Look, please don’t get me wrong: I loved loved LOVED both franchises. I was among those who thought Snyder and Nolan really entreated Man of Steel with a power and grandeur that likely will go unappreciated until the sequel comes out. But hearing the news of introducing Batman NOW seems a little weird to me. I know talks of a Justice League movie are definitely occurring, and that’s exciting as all get-out. But I feel they are rushing this a little. But these are, obviously, just my initial and personal feelings. I want to hear from you.

What do you guys think? With Bale clearly out of the running for the Batman role again, how do you feel about someone else taking over? How do you think Superman and Batman will mesh in a movie (at least, this soon)? Do you think I’m just being a little too skeptical/critical too early? TOO SOON??? 😛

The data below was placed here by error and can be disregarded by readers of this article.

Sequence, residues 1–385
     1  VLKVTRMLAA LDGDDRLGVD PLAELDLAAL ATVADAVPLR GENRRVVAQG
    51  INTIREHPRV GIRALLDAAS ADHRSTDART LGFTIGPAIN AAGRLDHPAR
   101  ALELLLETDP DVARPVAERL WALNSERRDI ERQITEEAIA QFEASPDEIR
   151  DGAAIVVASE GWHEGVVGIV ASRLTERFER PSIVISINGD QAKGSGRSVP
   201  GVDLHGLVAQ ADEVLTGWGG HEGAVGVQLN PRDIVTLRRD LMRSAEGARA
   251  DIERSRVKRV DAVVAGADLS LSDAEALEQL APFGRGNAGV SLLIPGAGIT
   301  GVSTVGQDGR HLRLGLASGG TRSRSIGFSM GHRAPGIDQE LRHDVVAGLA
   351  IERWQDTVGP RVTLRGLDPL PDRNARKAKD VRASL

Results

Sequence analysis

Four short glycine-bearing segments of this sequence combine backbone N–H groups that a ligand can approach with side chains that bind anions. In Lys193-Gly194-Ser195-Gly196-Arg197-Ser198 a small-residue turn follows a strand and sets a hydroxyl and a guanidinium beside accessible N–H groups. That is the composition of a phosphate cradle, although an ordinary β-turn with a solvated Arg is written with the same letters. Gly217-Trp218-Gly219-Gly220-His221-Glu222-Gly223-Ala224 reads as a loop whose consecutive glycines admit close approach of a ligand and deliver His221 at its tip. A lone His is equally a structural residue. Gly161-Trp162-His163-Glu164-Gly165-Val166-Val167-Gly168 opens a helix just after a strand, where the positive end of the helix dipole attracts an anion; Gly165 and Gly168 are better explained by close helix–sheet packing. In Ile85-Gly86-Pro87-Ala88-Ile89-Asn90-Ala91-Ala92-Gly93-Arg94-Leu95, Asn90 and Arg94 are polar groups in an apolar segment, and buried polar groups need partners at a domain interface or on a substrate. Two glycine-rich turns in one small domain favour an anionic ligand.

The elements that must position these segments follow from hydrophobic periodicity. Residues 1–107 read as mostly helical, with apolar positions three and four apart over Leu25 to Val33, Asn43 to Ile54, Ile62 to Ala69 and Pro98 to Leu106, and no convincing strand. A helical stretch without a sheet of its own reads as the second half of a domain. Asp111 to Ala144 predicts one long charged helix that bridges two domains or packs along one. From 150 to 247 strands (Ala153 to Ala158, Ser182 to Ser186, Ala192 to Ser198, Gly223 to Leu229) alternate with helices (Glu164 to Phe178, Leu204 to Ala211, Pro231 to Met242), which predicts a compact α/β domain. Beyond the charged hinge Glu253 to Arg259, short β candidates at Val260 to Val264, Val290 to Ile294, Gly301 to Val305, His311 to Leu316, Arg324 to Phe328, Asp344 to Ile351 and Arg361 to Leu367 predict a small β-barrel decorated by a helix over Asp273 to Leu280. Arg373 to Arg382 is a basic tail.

Whatever it is, I’d love to hear your thoughts!!!

It’s a bird, it’s a plane, no — it’s . . . . SuperBatman?? Wtf.. . . ?

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Oblivion

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Release: Friday, April 19, 2013

[Theater]

Honestly, this is the perfect movie for an actor who has (or according to some, had…) feet firmly planted in the Scientology belief system. For someone who believes in aliens, Tom Cruise managed to pick rather appropriate territory by signing up for Oblivion, the new sci-fi adventure from Joseph Kosinski.

Aside from his intellectual curiosity about all things extraterrestrial, Cruise’s role in Oblivion seems to be a throwback to his performance in another futuristic thriller, Minority Report — some decade ago now. . . . . .and this would be right before he began to lose serious credibility with me.